Student apathy may cause reduced representation:I am writing in response to the recent turn of events in the campus senate. I am disgusted with talk of reducing student senate seats, but I don't know who to blame. I am upset that the students face losing seats because quite a few of them have been absent from meetings.
Critics are too quick to condemn Jim Avery: I believe that the current criticism of president Avery is both unfair and hypocritical. Absenteeism has been a problem for student government well before the Avery administration.
There's no misunderstanding about the Arts Center: Mr. Wombacher's latest letter to the editor in The Current (Feb. 1) claims to expose "a few fallacies" in my understanding of the Performing Arts Center. Upon reading the letter, I immediately took issue with it. Since he has obviously misunderstood me, I will make my points clearer.
CLARIFICATION FOR LAST CAMPUS SENATE MEETING: In The Current's January 25 article on the proposal to grant Senate voting rights to non-regular faculty, Prof. Joseph Martinich was quoted as saying at the Senate meeting on January 19, that " a secret ballot was requested and was denied." I would like to offer a clarification of this matter.
SEXUAL ORIENTATIONN NOT SO PRIVATE AND INVISIBLE: Speaking at the Board of Curators meeting Friday, January 29, University President Manuel T. Pacheco warned students and faculty to stay in the closet. No, he did not say it explicitly. Instead, he recommended Executive Order #3, which subsequently passed; this order substitutes vaguely worded guarantees of a "positive work and learning environment" for the direct disavowal of discrimination on the basis of sexual orientation. Hundreds of students, staff, and faculty had sent letters and made telephone calls to seek full inclusion. Refusing to specify sexual orientation by name, one curator added importantly that sexual orientation should be, in any case, private and invisible.
PERFORMING ARTS CENTER JUST MISUNDERSTOOD: In last weekÕs issue of The Current (Jan. 25) there was a letter to the editor written in response to my guest commentary written the week prior about the planned Performing Arts Center. The letter (signed Jake Parker) pointed out the cons of even bothering to erect such a building. Unfortunately, there were a few fallacies cited in his letter.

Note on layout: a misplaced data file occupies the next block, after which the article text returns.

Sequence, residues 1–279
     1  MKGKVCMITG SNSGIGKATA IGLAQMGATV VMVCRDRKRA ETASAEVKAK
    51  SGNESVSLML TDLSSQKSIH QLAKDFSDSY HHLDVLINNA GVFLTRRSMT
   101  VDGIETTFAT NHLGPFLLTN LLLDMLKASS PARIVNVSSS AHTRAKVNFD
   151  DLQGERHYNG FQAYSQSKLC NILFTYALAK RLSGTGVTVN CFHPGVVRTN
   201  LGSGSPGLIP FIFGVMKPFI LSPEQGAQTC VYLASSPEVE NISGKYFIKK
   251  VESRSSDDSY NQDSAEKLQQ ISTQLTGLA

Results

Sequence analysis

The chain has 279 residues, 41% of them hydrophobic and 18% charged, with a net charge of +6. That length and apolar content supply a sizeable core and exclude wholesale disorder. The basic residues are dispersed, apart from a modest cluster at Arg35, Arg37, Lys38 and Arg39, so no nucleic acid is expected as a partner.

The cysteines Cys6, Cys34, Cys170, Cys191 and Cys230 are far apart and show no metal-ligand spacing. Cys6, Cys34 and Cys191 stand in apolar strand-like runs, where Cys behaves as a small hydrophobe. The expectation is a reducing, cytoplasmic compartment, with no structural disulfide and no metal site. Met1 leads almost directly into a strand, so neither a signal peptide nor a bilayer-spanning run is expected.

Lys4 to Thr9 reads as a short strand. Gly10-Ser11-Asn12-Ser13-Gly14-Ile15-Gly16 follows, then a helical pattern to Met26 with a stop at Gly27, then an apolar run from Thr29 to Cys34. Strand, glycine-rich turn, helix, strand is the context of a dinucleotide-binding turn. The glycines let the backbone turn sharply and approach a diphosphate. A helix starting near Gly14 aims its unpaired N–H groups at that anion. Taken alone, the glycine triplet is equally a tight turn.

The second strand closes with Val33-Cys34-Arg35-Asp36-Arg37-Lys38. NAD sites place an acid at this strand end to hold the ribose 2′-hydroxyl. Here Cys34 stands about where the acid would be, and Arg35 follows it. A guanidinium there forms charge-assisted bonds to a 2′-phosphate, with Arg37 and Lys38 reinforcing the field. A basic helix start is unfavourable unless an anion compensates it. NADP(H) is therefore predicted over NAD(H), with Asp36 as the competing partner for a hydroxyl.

ARTS CENTER NOT SO GOOD: Thomas Wombacher's argument for the building of the Performing Arts Center brought up a point that should be responded to. Being that Mr. Wombacher says that the millions that the Center needs to be built can be raised by "selling candy", I propose that the only ones who would even step inside the Center (performing arts students) do exactly that: sell candy . . .
INVISIBLE SGA PRESIDENT: Where is the SGA President? He failed to attend the University senate meeting Tuesday the 19th.
PERFORMING ARTS CENTER PROVOKES STRONG FEELINGS FROM STUDENTS AND FACULTY ALIKE: I may only be a lowly undergrad student at UMSL so I realize that the Blanchellor may not care to hear my humble opinion, but maybe some of those students who fall into a category similar to mine (the vast majority of UMSL students) might. . .;
I have just finished reading your article "Arts Center focus of Council debate" in the 16 Nov 98 issue. Rarely have I seen coverage so one-sided. . .
DIALOGUE FOR PERFORMING ARTS CENTER NEEDED: There currently exists on this campus an opportunity for an experiment in collaboration between all stakeholders concerned with the issue of the proposed Performing Arts Center. Those stakeholders are the administration, the faculty, business and civic organizations that would utilize such a facility, and, perhaps most importantly, the students of this university.